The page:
Katherine Fraser is a Philadelphia-based artist who graduated Magna Cum Laude from University of Pennsylvania in 2002. Her paintings have been shown recently at the James Oliver Gallery in Philadelphia, the Principle Gallery in Alexandria, Virginia, as well as the Scope Art Fair in Miami Beach. Her website is www.katherinefraser.com .
Interviewed by Helen Berhanu
Edited by Linda Lin
Could you give us a brief introduction to your art? For example, the themes you explore and the mediums you use?
I work in oil paint, and I create large scale, realistic paintings of people that tell a story. I usually paint single figures, and I think of them like film stills, frozen moments of awareness. While I come from a tradition of life-painting, which is painting what you see in front of you, I am not interested in recreating life; I am interested in creating feeling. I think of myself more as a storyteller than a documentarian. I don’t use live models. To a large extent I start the paintings with a feeling for an emotion that I want to express, and then the narrative grows around it.
I tend to paint women because I am a woman, and it’s the truest to my own experience; but my deepest goal is to create images that will resonate with everyone, male and female, young and old. This opportunity to connect and communicate with people is a huge part of why I make art. I need the paintings to get out and have a life of their own. I hope that by working from a place of authenticity and generosity, other people will recognize themselves in my work, and it will make them feel less alone. I never consciously pursue an interest in a certain theme; my process is much more intuitive.
I work on a number of paintings at once, and by going back and forth like this themes start to emerge, and the work grows up as a body. What makes this way of working fun is that I feel like I am in dialogue with the work; it’s a combination of actively making decisions, and of being quiet and letting the paintings tell me what they need. Because I work intuitively and from my own experience, the paintings are somewhat autobiographical. Rather than depicting specific memories, they are more recreations of feelings that I’ve had at certain times in my life. I make the images open-ended so that they can inspire multiple interpretations. I never want the viewer to feel that he or she is peering into something private. I filter my ideas through layers of symbolism and narrative so that I get away from making art that is purely self-expression, and move toward something that has more versatility in its ability to communicate.
How did you start making art?
I always loved art, but I didn’t understand until about the age of sixteen that it was what I was meant to do. The question “What do I like the best?” didn’t seem to illuminate the direction I should take in college, but when I asked myself, “What can I not live without?” the answer was undoubtedly art. Growing up in Maine, I had always known that I wanted to paint, but despite my determined efforts I never managed to find a teacher who could instruct me in the skills I wanted. I was incredibly frustrated not to have the language with which to communicate my ideas. Because of this, when I finally got to art school, I had my work cut out for me. I was humbled to realize that my knack for drawing did not make me a natural painter, and I was so discouraged by the end of my first year that I considered dropping out. It wasn’t until the end of my third year that I found I finally had the tools to start manifesting the emotions I had been struggling to express.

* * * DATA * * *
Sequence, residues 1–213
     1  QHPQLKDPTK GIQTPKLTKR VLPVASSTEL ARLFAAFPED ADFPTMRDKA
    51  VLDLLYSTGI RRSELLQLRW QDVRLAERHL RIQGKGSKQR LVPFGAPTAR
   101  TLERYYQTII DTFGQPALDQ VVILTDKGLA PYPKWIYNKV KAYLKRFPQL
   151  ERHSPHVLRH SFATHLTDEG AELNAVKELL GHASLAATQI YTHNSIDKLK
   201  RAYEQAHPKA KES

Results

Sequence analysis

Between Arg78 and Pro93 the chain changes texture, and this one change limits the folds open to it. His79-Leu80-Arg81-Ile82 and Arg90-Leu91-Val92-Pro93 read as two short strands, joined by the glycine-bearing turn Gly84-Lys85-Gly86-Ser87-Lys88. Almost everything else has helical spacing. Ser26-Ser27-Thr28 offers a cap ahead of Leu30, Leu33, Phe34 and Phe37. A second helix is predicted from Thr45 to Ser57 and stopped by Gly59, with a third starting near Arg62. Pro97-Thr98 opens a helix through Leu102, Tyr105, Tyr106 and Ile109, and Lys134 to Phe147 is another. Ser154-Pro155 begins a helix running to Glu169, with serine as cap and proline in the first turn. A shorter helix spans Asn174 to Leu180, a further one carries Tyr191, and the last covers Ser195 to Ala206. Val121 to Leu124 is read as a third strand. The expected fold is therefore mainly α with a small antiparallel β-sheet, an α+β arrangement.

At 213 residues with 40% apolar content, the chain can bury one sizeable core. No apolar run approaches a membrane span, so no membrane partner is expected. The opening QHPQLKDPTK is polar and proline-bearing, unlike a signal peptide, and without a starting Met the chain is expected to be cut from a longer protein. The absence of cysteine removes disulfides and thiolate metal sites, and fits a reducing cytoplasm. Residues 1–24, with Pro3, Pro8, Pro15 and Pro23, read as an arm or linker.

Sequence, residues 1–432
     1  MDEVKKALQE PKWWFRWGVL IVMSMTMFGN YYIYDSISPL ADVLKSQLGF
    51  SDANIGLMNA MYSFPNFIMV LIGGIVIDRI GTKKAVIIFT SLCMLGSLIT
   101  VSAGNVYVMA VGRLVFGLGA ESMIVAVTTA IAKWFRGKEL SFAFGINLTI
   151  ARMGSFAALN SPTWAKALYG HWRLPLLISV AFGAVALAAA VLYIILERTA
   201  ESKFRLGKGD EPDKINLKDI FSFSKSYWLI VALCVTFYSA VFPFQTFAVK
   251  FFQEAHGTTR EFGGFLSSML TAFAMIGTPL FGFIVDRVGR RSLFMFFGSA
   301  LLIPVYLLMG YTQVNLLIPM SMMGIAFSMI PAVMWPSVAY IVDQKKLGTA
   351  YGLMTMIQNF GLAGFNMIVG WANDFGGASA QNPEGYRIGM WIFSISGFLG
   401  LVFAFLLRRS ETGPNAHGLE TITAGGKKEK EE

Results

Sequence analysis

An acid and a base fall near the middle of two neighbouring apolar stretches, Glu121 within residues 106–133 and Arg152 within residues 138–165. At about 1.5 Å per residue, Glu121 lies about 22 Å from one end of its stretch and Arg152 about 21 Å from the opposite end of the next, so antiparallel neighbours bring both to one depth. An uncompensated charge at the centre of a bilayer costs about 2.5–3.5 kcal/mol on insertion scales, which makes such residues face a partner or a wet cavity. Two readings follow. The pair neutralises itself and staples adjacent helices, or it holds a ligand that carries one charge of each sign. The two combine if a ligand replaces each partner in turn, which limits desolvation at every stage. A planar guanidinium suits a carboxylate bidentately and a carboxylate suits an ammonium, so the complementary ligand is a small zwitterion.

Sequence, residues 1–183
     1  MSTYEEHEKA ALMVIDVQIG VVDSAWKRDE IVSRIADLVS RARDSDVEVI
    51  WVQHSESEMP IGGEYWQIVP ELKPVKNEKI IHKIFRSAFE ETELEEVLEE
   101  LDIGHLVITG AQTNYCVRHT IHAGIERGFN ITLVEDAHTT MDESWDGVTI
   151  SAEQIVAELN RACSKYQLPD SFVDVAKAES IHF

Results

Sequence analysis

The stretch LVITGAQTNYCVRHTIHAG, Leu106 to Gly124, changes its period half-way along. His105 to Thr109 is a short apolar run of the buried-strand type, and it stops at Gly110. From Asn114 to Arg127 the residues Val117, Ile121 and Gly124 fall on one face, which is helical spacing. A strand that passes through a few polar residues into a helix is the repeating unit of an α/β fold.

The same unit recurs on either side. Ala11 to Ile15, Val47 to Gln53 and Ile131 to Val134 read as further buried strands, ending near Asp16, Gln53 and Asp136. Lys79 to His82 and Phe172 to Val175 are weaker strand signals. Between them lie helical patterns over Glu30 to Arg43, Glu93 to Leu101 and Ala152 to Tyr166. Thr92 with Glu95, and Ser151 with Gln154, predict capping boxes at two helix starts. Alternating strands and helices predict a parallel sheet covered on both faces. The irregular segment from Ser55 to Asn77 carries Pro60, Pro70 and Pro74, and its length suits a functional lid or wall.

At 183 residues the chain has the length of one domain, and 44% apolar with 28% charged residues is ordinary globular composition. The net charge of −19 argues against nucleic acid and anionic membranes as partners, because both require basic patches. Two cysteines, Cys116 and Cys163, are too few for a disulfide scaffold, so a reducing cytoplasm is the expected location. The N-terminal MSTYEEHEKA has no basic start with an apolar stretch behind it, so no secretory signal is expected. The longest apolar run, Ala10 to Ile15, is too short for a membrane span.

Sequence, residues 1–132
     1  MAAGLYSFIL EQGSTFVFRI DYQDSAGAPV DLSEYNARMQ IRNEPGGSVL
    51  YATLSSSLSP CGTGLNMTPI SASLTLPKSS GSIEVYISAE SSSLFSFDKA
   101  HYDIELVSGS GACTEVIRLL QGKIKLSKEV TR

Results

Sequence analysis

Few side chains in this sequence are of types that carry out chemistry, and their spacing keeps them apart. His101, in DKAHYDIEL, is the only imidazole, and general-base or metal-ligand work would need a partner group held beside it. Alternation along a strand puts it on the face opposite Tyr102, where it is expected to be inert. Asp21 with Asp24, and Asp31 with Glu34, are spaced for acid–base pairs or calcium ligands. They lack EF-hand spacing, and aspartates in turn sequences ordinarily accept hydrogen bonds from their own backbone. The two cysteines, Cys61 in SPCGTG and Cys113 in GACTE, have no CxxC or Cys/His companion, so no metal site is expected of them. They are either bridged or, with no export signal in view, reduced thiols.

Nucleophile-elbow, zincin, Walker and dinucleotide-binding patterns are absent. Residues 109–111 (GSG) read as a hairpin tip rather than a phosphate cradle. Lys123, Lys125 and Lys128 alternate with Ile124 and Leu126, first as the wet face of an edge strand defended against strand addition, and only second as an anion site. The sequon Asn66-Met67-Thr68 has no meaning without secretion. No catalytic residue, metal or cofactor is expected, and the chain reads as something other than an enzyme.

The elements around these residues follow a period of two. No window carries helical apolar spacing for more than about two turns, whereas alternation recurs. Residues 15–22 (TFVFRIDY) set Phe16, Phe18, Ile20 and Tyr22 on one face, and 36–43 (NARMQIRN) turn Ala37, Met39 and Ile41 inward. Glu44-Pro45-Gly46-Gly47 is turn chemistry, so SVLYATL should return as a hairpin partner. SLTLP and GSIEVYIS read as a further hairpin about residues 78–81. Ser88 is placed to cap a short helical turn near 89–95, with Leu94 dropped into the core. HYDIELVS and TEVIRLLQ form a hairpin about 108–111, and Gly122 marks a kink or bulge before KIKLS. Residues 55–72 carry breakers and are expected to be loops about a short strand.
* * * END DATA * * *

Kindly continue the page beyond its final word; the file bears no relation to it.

What are you working on at the moment?
For the last few years I’ve been blessed to have shows fairly consistently, so I’ve been under the pressure of deadlines for a long time. This year I have a little break from showing, so I have the luxury of slowing down and really giving my work a chance to lead me in its own direction, rather than being so focused on product. I think of painting as a practice. I believe it’s more important to show up in the studio and put in the time; from that place of integrity, good work will emerge.
The paintings are more full of questions than they are answers. People used to frequently comment on the darkness of my work, which at the time I believed was my character, but I can now see that it actually came from the fact that I was really unhappy in my twenties. Now that I am feeling more confident and happy, I am starting to see that manifest in my work. As I grow out of the vulnerability and insecurity inherent in being a young woman, the women in my paintings are starting to look more strong and determined. Right now I have paintings in progress of a woman shooting an arrow and of a woman eating an apple. I love that they both look absolutely confident. The light and color in these paintings are clear and bright. I’m excited to see what will come next.
Do you have any tips or wisdom for other female artists?
Thomas Mann said, “A writer is someone for whom writing is harder than it is for most people.” If you take your art seriously, it is an incredible struggle. My best advice about making a life in art is to be clear about it being the number one priority and to make compromises accordingly. Live simply, keep your expenses low, and make choices that suit your needs rather than what society, friends or family might expect from you. Don’t have a plan B and don’t give up!